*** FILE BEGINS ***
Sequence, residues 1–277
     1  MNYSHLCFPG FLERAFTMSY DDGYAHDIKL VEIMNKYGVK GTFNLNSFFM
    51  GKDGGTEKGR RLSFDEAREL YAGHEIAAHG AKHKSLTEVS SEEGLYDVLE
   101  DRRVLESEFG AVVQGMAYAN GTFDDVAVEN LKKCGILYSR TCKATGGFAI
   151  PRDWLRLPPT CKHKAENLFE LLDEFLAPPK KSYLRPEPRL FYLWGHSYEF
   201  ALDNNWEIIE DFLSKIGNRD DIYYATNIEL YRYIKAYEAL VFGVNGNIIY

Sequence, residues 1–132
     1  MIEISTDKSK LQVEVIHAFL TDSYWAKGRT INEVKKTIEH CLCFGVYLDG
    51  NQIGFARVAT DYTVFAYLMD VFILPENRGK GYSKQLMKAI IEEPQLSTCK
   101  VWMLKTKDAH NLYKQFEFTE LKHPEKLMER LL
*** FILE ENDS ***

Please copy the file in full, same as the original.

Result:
Sequence, residues 1–277
     1  MNYSHLCFPG FLERAFTMSY DDGYAHDIKL VEIMNKYGVK GTFNLNSFFM
    51  GKDGGTEKGR RLSFDEAREL YAGHEIAAHG AKHKSLTEVS SEEGLYDVLE
   101  DRRVLESEFG AVVQGMAYAN GTFDDVAVEN LKKCGILYSR TCKATGGFAI
   151  PRDWLRLPPT CKHKAENLFE LLDEFLAPPK KSYLRPEPRL FYLWGHSYEF
   201  ALDNNWEIIE DFLSKIGNRD DIYYATNIEL YRYIKAYEAL VFGVNGNIIY

Sequence, residues 1–132
     1  MIEISTDKSK LQVEVIHAFL TDSYWAKGRT INEVKKTIEH CLCFGVYLDG
    51  NQIGFARVAT DYTVFAYLMD VFILPENRGK GYSKQLMKAI IEEPQLSTCK
   101  VWMLKTKDAH NLYKQFEFTE LKHPEKLMER LL